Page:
A compa-ratio (short for comparative ratio) measures the relationship in a graded pay structure between actual and policy rates of pay as a percentage.
The policy value used is the reference point in the grade structure which represents the target rate for a fully competent individual in any job in the grade. This reference point is aligned to market rates in accordance with the organization's market stance policy. The reference point may be at the mid-point in a symmetrical range (say 100 per cent in a 80-120 per cent range), or the top of the scale in an incremental pay structure. Reference points need not necessarily be placed at the midpoint; organizations are increasingly positioning them at other points in the range.
Compa-ratios provide a shorthand way of answering the question: 'how high, or low, is an organization paying its employees (individually, in groups or in total) relative to its policies on pay levels?' Compa-ratios are calculated as follows:
A compa-ratio of 100 per cent means that actual and policy pay are the same; less than 100 per cent means that pay is below the reference point and greater than 100 per cent means that pay exceeds the reference point.
There are three types of compa-ratios:
- The individual compa-ratio, which describes the individual's position in the pay range against the pay policy reference point for the range and can be used to reposition an individual's pay in the range if it is too high or low.
- The group compa-ratio, which quantifies the relationship between practice and policy for the whole organization or a defined population group (function, department, occupation or job family). It is a calculation of the sum of actual pay as a percentage of the sum of job reference point rates. This ratio has an important part to play in the overall pay management process. It can be used to establish how pay policy has been implemented overall and identify differences between parts of the organization which may indicate problems in the policy itself or in the way it has been implemented by managers. It can also be used to plan and control pay budgets.
- The average compa-ratio, which is the sum of each individual's compa-ratio divided by the number of individuals. It is therefore not the same as a group compa-ratio which is based on the relationship between the sums of actual rates of pay and the sums of job reference points of pay. The average compa-ratio can therefore differ from the group compa-ratio according to the spread of individual compa-ratios at different job sizes. The group ratio is more frequently used.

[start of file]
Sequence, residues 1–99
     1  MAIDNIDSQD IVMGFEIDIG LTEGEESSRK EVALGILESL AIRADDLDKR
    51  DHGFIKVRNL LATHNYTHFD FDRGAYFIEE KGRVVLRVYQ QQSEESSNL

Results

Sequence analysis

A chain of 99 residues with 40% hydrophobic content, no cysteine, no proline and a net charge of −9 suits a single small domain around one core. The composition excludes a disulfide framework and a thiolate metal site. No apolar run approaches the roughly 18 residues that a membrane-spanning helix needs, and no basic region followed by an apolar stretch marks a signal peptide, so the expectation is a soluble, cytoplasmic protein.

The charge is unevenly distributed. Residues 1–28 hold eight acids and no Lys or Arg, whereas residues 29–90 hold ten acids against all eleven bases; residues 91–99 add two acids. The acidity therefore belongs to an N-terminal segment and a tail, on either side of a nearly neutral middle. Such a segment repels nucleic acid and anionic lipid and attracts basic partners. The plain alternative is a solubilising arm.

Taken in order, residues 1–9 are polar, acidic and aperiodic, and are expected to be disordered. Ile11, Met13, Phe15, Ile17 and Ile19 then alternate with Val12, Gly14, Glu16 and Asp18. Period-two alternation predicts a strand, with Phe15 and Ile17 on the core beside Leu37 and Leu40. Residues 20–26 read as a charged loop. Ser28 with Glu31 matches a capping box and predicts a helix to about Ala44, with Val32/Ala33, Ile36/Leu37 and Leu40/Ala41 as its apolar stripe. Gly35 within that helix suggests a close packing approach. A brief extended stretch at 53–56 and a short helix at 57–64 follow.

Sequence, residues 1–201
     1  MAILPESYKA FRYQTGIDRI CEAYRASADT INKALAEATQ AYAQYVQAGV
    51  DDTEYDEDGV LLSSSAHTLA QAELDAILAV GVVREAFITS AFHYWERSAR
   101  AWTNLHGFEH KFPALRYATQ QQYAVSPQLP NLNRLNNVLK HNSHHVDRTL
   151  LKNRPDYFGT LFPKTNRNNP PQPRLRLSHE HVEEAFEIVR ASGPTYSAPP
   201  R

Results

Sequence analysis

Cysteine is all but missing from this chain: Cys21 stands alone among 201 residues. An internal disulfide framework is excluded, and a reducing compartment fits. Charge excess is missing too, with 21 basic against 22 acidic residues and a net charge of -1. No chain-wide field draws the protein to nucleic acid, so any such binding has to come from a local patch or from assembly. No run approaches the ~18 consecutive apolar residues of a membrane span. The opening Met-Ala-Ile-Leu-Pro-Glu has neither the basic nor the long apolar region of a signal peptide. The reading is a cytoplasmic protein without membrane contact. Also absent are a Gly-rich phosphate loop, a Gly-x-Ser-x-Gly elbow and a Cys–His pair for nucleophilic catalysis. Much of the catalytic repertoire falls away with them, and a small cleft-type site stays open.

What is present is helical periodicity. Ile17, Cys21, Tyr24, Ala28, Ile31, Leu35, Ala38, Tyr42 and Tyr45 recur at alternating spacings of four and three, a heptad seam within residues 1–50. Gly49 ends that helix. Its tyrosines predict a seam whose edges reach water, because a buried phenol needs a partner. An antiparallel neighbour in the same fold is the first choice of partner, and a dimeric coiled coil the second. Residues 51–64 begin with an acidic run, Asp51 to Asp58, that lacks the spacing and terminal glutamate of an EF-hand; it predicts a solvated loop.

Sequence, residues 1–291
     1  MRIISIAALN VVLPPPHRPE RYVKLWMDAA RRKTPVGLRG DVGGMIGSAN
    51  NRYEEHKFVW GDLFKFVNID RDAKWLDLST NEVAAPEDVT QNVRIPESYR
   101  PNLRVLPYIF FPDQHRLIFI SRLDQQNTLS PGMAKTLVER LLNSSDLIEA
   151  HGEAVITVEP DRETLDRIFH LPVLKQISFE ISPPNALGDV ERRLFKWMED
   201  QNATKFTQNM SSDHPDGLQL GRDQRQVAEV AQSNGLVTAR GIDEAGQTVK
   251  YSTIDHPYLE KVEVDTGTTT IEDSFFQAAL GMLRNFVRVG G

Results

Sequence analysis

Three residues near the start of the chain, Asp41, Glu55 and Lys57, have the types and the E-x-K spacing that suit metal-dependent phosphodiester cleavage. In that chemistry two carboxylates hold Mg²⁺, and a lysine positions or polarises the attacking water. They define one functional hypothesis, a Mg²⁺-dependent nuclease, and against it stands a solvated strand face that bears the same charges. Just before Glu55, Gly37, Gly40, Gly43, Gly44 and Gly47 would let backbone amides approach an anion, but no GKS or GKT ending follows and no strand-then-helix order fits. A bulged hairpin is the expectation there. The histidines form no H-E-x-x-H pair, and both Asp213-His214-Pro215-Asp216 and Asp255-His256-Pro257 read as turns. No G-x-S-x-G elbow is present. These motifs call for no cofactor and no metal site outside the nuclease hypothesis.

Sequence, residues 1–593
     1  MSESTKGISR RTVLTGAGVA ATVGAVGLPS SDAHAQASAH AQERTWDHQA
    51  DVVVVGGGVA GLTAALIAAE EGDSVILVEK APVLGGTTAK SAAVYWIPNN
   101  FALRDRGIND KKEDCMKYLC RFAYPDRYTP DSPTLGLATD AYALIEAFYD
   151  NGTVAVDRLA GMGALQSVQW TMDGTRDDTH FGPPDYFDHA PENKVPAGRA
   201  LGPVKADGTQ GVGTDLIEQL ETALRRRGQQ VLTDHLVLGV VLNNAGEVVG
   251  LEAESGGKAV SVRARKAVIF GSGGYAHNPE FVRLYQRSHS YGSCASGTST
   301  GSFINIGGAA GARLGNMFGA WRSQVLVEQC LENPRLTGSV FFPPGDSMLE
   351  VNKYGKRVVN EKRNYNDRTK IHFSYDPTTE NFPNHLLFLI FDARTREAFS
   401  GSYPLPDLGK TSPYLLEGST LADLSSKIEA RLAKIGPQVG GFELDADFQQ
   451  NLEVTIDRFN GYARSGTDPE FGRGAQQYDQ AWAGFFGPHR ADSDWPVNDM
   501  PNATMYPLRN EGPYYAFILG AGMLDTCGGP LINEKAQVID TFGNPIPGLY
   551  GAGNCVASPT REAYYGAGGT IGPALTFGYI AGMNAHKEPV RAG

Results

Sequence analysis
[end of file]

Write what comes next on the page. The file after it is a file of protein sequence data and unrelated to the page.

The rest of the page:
Compa-ratios establish differences between policy and practice. The reasons for such differences need to be established. They may be attributable to one or more of the following factors:
- differences in aggregate performance levels or performance ratings;
- differences in average job tenure - average tenure may be short when people leave the job through promotion, transfer or resignation before they have moved far through the range and this would result in a lower compa-ratio. Or a higher ratio may result if people tend to remain in the job for some time;
- the payment of higher rates within the range to people for market reasons, which might require recruits to start some way up the range;
- the existence of anomalies after implementing a new pay structure;
- the rate of growth of the organization - fast-growing organization might recruit more people towards the bottom of the range or, conversely, may be forced to recruit people at high points in the range because of market forces. In a more stable or stagnant organization, however, people may generally have progressed further up their ranges because of a lack of promotion opportunities.
Some differences may be entirely justified, others may need action such as accelerating or decelerating increases or exercising greater control over ratings and pay reviews.